3. again, well put J.S. God doesn’t need or expect us to “convert” people….just to love them as he does….and trust that he will do the rest as only he can. Jesus even asked God to forgive the atheists who were killing him….but I don’t recall reading anywhere in the bible where Jesus preached to those he healed….he just healed them because the healing itself was proof of God’s glory and existence.


    1. Yes, totally up to the Spirit as we hold up the truth. I remember hearing a pastor say that a person coming to faith is like a blind person coming to sight: it takes nothing less than a miracle.


  4. The gospel is often proclaimed as “Jesus saves”, and most atheists I come across would say that they don’t need any saving. My dad who lives overseas is also an atheist. I understand why they would feel like that, though. I have a very close atheist friend who I deeply love and give my time to, but would that be enough to make them believe? Would there need to be a time when I’d have to prepare myself for a logical persuasion session or something? Because, what if in the end, I would regret it, and see my friend in the wrong place..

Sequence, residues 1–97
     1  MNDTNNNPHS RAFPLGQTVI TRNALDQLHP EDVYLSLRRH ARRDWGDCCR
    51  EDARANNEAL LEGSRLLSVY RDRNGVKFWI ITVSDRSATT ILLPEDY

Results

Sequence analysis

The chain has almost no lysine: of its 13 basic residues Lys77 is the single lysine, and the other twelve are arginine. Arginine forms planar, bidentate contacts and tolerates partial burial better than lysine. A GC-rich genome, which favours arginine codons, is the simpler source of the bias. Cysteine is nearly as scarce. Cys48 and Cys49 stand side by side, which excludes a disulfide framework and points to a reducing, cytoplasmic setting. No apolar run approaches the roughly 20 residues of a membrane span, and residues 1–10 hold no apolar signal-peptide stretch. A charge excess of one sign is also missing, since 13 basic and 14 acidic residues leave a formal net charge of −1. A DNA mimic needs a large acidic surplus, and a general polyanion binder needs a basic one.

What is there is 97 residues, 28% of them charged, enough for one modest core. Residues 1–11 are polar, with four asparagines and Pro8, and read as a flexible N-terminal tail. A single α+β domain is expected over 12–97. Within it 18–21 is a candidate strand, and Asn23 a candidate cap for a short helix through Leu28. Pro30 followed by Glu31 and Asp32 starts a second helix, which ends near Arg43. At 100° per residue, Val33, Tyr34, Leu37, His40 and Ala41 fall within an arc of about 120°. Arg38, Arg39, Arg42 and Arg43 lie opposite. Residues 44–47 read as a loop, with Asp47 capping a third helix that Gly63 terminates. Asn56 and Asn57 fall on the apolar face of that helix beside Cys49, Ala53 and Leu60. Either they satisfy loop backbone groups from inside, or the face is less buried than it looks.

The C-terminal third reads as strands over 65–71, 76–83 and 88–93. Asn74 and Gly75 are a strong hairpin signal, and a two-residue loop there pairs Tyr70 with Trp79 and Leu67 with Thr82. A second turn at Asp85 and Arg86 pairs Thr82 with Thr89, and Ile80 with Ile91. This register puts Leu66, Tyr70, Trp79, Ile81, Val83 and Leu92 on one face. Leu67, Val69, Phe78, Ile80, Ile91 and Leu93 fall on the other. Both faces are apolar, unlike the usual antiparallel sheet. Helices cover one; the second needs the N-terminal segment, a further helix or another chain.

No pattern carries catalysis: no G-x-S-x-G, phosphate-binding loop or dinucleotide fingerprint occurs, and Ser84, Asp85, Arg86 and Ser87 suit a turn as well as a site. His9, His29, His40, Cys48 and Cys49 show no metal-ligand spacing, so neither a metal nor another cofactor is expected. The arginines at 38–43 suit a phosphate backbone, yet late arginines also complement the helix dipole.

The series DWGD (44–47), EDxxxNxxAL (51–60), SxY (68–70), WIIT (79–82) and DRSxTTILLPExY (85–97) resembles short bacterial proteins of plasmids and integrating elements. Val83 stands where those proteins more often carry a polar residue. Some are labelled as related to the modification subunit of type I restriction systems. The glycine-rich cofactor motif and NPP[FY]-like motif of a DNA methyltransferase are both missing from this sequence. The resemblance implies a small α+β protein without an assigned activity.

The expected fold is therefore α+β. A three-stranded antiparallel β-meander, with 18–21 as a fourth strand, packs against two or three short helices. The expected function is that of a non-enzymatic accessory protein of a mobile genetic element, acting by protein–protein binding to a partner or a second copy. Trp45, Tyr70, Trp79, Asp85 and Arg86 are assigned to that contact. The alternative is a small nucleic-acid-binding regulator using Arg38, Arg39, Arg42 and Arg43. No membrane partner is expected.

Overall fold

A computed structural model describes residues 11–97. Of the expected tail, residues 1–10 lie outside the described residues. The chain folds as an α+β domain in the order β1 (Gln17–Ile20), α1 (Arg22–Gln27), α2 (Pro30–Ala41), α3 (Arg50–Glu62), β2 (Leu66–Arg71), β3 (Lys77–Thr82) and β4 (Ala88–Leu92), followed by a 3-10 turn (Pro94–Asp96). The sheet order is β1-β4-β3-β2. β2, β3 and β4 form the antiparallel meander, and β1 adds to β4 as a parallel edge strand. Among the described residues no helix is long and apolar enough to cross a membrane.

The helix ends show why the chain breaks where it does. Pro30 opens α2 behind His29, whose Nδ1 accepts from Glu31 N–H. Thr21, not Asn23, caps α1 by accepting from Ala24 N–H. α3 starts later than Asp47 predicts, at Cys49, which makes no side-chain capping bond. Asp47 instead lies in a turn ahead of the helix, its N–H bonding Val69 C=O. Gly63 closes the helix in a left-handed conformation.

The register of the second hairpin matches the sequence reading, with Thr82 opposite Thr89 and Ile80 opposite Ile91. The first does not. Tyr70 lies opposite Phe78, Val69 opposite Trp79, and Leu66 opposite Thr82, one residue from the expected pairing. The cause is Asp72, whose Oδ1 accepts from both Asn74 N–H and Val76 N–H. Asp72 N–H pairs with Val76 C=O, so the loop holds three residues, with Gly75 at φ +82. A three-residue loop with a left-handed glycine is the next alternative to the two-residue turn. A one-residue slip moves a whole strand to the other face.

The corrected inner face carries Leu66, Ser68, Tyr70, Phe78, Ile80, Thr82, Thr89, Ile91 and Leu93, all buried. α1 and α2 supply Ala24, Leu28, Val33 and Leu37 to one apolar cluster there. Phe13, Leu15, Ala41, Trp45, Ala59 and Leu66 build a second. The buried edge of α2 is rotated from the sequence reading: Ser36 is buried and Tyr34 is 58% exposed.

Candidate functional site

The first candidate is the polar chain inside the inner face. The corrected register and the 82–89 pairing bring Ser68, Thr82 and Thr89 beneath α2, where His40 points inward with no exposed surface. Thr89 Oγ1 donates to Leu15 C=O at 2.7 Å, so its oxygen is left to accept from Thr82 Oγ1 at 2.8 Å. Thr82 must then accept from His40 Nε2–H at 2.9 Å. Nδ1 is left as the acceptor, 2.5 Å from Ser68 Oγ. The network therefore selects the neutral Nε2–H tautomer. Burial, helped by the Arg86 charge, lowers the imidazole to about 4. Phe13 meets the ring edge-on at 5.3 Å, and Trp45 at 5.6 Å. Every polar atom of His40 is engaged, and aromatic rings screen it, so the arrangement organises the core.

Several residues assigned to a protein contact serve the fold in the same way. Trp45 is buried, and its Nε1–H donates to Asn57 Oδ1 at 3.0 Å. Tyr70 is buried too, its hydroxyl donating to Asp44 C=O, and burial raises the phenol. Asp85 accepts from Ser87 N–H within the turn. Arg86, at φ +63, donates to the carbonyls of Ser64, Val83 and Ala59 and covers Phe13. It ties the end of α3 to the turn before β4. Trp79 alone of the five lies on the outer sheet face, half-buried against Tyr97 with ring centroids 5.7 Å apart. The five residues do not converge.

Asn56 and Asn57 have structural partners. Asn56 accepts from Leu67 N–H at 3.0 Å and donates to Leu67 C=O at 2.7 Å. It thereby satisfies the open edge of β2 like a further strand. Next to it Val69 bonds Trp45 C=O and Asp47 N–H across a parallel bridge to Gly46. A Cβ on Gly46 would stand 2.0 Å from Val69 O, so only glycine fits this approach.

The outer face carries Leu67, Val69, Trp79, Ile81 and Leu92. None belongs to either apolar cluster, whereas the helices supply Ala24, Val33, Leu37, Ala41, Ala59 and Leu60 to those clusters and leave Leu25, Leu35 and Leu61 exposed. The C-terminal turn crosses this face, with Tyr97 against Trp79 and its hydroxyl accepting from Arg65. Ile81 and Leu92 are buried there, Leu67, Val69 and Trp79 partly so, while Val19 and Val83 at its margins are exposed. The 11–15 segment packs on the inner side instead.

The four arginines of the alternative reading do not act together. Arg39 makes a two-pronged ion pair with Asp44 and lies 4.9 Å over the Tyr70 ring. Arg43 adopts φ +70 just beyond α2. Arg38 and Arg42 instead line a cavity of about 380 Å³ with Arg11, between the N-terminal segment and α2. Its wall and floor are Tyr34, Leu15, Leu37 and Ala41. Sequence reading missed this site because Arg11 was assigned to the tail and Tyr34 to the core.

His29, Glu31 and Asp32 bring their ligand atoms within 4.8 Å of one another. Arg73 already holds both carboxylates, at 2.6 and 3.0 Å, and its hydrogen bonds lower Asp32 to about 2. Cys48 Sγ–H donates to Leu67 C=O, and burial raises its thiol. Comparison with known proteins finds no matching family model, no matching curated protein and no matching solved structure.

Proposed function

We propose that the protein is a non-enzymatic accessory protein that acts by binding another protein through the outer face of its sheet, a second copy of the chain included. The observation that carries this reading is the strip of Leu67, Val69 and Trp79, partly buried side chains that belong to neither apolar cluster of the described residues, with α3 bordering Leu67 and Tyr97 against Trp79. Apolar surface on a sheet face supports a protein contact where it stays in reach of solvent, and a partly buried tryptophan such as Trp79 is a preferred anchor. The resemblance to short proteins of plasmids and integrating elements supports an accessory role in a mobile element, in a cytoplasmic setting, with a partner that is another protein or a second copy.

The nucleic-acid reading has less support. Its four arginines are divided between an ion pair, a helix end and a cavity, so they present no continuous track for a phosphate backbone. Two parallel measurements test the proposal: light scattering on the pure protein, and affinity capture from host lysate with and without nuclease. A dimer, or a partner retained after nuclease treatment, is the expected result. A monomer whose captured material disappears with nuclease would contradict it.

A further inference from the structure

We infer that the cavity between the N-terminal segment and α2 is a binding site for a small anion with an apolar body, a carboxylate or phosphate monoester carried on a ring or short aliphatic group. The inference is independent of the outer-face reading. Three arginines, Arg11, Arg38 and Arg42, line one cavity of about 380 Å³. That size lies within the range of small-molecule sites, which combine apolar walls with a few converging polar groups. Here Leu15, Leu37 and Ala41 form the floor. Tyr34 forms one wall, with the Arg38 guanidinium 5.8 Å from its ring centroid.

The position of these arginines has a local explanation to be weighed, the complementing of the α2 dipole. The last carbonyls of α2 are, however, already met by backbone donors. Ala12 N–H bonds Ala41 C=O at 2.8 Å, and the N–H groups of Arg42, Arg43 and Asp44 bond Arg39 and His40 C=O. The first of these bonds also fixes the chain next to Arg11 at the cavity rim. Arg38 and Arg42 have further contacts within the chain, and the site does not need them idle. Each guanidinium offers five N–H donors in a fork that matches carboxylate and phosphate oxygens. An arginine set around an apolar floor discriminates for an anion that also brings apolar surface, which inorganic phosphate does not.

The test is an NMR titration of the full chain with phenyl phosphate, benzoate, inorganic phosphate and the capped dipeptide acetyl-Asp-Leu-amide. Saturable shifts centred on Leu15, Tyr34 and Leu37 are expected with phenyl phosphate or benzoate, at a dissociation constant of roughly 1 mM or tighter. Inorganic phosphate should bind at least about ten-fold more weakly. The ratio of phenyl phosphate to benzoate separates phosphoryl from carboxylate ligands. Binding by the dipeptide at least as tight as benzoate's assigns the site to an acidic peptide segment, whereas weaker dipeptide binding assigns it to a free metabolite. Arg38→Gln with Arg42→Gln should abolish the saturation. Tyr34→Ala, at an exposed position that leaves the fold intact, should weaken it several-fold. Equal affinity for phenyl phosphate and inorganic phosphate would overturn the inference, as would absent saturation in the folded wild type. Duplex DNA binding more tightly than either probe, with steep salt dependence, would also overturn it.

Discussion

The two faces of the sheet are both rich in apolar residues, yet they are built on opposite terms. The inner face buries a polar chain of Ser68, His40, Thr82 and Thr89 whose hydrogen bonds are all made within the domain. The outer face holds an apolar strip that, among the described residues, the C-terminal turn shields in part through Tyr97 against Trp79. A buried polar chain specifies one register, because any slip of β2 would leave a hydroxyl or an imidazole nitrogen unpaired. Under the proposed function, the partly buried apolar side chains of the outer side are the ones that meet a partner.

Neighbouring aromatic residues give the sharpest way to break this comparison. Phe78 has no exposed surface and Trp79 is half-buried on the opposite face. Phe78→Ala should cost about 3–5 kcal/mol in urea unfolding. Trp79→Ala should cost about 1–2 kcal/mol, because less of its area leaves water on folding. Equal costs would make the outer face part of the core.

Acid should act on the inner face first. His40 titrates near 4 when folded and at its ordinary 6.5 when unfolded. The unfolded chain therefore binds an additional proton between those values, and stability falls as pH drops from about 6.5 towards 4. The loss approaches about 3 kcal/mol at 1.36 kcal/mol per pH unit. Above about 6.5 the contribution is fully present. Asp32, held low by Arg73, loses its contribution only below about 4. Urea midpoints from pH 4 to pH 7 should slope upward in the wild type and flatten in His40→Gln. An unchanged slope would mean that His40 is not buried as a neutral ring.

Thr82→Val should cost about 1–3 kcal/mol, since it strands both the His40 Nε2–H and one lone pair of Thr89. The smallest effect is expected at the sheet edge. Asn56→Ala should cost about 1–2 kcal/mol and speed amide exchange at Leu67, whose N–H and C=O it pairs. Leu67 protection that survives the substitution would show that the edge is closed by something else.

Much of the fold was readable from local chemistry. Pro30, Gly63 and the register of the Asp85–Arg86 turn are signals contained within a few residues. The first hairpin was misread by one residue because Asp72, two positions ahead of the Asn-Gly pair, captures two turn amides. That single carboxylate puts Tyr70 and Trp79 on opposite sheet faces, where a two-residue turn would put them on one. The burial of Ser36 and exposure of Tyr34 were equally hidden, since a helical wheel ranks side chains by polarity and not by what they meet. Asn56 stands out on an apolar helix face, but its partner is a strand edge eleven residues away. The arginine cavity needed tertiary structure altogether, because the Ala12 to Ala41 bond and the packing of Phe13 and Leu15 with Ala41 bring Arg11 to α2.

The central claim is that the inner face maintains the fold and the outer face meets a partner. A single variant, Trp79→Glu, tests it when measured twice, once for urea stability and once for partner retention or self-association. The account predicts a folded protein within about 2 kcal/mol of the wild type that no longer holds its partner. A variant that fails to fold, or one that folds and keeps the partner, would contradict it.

1. Yes, there’s definitely a time to speak up: but again, I think that can only be backed up by how we live. Not that we must be perfect, but that there would be some kind of supernatural persistence in us that isn’t defined by our egos or fleshly nature. At the very least, we need to try to relay some information about the Gospel, as awkward as it is.


  5. You’re so right. Beneath the statement, “I don’t believe in God,” is a whole ‘nother level. “I don’t believe in God because…” and some horrific story usually completes that statement.

    It’s hard to continue to be loving and gracious to someone who makes hurtful statements. However, one of the fellows in our home group became a believer because the Christian co-worker to whom he was being mean (threw out his Bible, yelled, swore, etc.) kept on loving him. Sometimes spiritual CPR takes more effort than the real deal!

    Great article. Thanks for sharing.


  6. Thank you so much for this! I struggle with this a lot with several of my Atheist, non-Christian, and even “lukewarm” Christian friends. Great reminder that all we can do is to love them and pray for them in spite of it all.